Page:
Branding, Popular Music, and Young People
Edited By Nicholas Carah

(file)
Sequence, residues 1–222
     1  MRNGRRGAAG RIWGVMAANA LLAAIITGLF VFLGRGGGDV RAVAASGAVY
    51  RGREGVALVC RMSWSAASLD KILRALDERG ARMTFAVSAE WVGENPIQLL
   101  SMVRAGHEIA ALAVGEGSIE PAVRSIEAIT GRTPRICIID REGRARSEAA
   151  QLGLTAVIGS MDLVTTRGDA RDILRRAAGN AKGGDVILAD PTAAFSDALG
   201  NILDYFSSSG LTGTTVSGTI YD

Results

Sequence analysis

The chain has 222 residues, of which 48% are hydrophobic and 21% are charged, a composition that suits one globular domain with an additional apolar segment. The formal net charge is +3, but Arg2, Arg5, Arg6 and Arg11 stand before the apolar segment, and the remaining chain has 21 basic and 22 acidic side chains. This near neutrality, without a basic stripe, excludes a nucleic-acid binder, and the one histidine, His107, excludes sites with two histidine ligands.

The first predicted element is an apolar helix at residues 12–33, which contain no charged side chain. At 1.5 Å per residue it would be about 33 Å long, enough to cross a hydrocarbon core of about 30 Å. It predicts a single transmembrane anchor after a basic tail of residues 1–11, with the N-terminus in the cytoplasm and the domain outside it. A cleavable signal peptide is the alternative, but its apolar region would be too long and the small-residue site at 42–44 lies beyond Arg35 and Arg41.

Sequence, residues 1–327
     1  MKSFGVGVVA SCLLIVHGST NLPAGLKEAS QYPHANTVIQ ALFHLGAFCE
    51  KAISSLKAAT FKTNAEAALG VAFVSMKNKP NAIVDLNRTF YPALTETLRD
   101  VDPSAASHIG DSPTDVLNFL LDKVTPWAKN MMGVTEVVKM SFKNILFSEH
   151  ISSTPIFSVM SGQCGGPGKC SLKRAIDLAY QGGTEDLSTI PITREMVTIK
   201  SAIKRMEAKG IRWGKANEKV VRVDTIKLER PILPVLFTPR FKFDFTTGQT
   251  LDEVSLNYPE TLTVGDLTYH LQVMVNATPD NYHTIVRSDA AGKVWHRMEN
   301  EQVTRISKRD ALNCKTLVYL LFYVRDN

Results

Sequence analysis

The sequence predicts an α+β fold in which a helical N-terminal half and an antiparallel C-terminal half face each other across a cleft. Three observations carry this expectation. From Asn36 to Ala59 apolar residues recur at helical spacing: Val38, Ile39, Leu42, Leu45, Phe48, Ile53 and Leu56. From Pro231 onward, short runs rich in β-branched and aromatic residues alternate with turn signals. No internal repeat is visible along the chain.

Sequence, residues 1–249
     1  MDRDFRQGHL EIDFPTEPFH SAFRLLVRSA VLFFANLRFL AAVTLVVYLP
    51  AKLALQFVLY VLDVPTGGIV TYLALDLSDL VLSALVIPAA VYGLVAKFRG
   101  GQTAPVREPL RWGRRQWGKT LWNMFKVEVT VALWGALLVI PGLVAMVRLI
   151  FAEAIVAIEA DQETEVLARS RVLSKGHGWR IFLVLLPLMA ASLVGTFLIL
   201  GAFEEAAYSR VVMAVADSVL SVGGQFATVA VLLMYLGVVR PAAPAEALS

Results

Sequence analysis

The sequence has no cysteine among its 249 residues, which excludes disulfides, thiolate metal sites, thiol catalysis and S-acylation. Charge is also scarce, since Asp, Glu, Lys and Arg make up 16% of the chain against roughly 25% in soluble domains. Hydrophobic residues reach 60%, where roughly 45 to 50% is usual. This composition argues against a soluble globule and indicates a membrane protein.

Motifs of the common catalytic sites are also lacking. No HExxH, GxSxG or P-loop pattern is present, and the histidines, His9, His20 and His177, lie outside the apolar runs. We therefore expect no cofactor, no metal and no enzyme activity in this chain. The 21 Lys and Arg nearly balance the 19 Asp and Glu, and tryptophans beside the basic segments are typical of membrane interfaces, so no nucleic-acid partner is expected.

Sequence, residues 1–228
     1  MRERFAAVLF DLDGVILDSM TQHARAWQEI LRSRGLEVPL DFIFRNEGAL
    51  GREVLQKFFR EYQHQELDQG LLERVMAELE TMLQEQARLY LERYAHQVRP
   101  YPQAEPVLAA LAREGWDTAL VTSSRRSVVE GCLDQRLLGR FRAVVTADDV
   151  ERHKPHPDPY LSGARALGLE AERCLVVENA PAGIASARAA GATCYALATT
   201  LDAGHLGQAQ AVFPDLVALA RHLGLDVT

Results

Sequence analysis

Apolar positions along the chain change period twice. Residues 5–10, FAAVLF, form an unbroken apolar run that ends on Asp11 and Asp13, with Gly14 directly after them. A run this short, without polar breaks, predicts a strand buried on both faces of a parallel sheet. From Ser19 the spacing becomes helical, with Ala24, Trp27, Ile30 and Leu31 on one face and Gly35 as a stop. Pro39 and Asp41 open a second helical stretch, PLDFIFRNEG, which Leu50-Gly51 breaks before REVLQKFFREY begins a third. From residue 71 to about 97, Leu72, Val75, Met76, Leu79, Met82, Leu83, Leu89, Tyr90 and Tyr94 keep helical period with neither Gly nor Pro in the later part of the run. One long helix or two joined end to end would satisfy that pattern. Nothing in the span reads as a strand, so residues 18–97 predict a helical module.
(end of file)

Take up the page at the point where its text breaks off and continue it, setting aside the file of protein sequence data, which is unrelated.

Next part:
‘Money and TV destroyed this thing!’: Mediated Youth, Popular Music and the Brandscape ‘Money and TV destroyed this thing!’ In 2006, Iggy & The Stooges took to the main stage of Australia’s Big Day Out summer music festival and unleashed an authentic blast of original garage rock. Iggy Pop, dubbed by the music press as the God- father of Punk, implored the audience to get up on stage. ‘Fuck securi- ty!’ he screamed, ‘Get up here!’ Security resisted. Iggy became agitated about the regulation of the event and the passivity of the crowd. ‘Money and TV destroyed this thing!’ he growled at the crowd. Iggy & The Stooges performing at the 2006 Big Day Out. Note the raised cameras in the audience capturing the action as Iggy leans over the front of stage into the crowd, while audience members he has invited on stage dance around him. Photo: Nicholas Carah. Iggy’s claim points to a paradox at the heart of popular culture. Mon- ey and TV arguably created popular music. Popular music, as we know it, has always been a commercial product. Yet, popular musi- cians and audiences retain a sense of authenticity and realness within their experiences of popular culture. Iggy Pop offers an example of a Pop Brands 2 pop music performer that audiences take to be original and authentic. In the 1970s he was legendary for incendiary and raw performances characterized by wild stage antics, self-mutilation and excessive vo- lume. Iggy Pop & The Stooges...
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